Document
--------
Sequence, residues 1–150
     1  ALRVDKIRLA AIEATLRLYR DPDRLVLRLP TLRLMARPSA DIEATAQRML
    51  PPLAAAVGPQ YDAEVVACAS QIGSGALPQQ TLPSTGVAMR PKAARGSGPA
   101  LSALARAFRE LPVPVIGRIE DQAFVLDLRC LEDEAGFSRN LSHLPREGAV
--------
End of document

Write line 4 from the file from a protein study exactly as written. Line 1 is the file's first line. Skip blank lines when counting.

   101  LSALARAFRE LPVPVIGRIE DQAFVLDLRC LEDEAGFSRN LSHLPREGAV